Farm Industry News Blog

Still too wet to plant in NW Ohio; changing up the oil maintenance procedures

While it's still too wet to plant in NW Ohio, blogger Daryl Bridenbaugh spends some time on his equipment's oil maintenance. His travels also take him to a house made partially of straw bale.

It has still been too wet to plant in NW Ohio. Some people who have a sandy field might try to get started later this week. We crossed the northern part of the state again last week on Route 224. There are quite a few tractors sitting in barn yards ready to go, but no planters were sitting out. On my large tractors I change all the filters each year. I used to change all the hydraulic and transmission oil also, but I was told that it was wasteful and that instead I should just pour the used oil back in the tractor and then stop when I see dirt or metal filings in the bottom of the 5 gallon buckets I use to drain the oil. I let the oil sit in the buckets for a day and the impurities settle out in the bottom 2 in. of the bucket. This is very economical; it probably saves about $1,000 of oil a year and makes for less oil to have to dispose of. I only drain my engine oil once a year. I use top quality para synthetic oil so I don't have to worry about how many hours the tractors run because the oil can run several hundred hours without breaking down.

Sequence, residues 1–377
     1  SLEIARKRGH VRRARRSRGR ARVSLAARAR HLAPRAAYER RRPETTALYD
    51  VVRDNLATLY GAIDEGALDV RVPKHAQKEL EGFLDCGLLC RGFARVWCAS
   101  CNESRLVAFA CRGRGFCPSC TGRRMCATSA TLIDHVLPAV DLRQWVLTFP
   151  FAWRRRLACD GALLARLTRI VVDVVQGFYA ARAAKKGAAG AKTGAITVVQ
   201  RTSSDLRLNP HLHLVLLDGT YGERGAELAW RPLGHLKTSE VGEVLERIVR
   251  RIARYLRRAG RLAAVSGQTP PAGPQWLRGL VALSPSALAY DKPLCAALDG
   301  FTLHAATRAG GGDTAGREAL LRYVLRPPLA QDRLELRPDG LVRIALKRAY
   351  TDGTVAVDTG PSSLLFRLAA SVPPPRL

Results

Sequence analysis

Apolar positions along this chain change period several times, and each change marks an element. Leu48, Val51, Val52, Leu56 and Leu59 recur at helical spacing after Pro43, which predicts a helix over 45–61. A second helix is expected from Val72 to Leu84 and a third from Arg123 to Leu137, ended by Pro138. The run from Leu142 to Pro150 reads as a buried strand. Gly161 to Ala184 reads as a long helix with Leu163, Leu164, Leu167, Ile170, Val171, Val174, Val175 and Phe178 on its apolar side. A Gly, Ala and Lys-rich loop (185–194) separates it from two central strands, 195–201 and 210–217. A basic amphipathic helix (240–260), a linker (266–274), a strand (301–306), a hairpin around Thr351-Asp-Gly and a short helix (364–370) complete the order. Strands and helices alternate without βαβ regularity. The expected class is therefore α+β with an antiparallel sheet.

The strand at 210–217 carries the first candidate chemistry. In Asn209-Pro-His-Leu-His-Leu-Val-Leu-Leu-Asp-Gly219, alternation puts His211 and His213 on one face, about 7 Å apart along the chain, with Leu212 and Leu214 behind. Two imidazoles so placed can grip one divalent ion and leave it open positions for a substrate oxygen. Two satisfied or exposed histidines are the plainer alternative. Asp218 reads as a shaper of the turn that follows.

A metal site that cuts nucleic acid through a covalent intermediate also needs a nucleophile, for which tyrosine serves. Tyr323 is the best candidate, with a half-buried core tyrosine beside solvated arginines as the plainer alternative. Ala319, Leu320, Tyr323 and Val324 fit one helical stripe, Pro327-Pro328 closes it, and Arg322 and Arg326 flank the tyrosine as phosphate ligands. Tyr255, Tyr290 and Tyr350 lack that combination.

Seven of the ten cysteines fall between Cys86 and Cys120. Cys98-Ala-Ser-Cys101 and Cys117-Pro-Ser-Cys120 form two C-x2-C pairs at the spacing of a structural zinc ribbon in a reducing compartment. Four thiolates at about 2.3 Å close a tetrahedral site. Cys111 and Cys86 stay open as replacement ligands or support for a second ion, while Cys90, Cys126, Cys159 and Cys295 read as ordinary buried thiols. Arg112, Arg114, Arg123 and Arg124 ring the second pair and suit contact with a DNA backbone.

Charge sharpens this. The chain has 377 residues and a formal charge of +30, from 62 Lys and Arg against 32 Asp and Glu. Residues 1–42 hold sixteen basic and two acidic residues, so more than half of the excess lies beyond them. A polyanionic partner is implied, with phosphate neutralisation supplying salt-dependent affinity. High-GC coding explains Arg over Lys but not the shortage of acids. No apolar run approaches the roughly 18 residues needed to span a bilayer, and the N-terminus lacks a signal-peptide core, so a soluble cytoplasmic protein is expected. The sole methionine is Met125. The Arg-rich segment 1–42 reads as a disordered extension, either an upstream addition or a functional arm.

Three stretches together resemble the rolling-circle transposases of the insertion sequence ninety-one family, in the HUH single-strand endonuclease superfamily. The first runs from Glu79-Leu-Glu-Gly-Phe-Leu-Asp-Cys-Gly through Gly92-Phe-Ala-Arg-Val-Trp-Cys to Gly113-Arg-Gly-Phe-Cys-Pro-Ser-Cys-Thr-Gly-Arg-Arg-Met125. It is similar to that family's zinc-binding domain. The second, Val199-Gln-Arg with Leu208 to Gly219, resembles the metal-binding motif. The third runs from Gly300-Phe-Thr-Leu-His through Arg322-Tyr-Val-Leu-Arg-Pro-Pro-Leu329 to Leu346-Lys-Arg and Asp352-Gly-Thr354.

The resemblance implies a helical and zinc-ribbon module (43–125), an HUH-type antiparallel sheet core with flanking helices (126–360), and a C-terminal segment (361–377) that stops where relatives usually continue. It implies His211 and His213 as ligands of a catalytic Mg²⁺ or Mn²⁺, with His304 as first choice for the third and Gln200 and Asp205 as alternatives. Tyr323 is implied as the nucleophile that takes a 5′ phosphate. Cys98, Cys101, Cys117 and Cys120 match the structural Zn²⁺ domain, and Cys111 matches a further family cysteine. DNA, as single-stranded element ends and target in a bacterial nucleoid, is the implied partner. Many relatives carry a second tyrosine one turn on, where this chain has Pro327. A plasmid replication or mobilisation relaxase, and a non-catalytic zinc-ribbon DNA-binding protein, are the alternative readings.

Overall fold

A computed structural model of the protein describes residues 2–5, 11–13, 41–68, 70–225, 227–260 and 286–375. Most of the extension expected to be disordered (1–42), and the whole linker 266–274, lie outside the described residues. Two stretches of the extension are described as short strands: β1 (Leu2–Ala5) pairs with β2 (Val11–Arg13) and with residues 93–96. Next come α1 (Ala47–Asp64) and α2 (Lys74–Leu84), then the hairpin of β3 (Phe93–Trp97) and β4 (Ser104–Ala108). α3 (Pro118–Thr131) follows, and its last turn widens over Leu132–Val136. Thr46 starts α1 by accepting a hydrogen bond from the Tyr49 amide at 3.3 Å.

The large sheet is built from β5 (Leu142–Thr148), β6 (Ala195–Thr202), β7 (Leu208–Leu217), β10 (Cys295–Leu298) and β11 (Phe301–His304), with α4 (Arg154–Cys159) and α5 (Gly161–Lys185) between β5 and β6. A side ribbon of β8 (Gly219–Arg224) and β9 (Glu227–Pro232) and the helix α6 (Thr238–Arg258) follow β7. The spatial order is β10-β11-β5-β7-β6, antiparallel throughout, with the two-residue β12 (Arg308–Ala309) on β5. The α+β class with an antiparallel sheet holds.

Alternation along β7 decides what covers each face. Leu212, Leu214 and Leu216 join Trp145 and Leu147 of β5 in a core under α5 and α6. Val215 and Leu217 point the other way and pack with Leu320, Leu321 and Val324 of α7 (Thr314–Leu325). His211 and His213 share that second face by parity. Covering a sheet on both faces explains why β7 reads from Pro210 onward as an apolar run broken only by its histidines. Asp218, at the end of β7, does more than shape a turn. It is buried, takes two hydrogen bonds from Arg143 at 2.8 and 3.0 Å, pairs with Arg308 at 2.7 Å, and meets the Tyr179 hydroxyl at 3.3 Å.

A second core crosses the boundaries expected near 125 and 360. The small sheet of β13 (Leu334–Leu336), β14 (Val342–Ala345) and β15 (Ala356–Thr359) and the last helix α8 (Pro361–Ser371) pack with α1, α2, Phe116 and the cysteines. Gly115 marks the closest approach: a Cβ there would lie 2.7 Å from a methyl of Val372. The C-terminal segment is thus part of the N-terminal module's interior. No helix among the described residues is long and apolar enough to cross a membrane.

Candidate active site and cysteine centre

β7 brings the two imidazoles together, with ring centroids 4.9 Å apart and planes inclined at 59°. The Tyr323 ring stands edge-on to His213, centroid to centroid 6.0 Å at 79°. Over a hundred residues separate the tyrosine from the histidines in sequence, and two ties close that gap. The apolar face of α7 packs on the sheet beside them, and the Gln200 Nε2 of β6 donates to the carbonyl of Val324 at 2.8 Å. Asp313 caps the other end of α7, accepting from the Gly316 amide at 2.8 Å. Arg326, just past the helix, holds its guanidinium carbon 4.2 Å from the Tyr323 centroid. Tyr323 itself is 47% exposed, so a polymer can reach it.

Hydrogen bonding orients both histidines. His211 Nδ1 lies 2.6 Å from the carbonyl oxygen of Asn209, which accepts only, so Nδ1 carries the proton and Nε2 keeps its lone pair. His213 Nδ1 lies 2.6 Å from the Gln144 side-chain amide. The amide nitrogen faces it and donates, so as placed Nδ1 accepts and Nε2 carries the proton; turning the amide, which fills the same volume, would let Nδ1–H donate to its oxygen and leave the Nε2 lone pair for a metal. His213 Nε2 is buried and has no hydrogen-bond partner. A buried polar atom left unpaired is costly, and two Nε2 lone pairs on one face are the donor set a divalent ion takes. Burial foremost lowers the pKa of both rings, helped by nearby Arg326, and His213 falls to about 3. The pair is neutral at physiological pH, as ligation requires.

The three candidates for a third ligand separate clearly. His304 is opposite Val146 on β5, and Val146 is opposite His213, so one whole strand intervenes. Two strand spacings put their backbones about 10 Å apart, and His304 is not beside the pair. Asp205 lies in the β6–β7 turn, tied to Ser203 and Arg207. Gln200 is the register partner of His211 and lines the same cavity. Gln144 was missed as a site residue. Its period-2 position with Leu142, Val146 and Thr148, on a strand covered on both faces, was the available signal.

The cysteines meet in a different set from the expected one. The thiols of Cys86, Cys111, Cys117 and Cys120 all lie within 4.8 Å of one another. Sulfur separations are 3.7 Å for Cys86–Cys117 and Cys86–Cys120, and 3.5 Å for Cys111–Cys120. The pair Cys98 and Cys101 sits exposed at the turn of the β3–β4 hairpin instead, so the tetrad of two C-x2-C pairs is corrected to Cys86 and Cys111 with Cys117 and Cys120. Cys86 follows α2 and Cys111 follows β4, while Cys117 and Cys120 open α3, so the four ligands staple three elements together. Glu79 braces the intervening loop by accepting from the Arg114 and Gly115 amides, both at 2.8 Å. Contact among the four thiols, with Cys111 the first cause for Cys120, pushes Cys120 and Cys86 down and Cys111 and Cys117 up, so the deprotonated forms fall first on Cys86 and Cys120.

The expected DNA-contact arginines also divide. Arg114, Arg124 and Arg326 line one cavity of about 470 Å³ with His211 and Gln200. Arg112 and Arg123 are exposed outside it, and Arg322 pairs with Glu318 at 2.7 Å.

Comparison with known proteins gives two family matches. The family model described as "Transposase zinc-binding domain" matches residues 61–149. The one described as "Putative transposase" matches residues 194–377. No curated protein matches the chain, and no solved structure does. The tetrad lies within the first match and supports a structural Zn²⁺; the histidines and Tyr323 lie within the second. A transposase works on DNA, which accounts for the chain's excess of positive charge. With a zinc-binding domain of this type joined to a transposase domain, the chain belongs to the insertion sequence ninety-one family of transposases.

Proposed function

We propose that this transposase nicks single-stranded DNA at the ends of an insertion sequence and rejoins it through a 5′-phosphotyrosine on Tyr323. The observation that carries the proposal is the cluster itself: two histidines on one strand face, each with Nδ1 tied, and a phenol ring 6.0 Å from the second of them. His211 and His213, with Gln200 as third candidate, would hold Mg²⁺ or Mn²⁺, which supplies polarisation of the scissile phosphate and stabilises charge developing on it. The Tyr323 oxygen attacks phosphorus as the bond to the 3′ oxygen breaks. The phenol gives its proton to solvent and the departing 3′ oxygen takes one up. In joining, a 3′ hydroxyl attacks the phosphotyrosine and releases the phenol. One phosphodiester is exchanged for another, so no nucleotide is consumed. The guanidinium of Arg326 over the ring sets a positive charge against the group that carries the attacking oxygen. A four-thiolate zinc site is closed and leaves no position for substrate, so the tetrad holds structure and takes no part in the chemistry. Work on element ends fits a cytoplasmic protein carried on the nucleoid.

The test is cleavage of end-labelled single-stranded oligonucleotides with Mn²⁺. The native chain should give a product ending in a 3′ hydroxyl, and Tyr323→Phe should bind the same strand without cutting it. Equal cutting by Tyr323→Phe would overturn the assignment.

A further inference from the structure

In my travels I stopped at Tiffin, Ohio and looked at a straw bale house that was built last year. I had read about it in a newspaper and wanted to see it. The walls are rated at R-80 and the home is almost energy independent because it also has its own windmill to generate electricity. I was extremely impressed with the tour that I took.  

Read more blogs from Daryl Bridenbaugh here.

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The Farm Industry News Blog features commentary from Willie Vogt, Jodie Wehrspann, Kathy Huting, Lynn Grooms, Daryl Bridenbaugh and Jeff Ryan.

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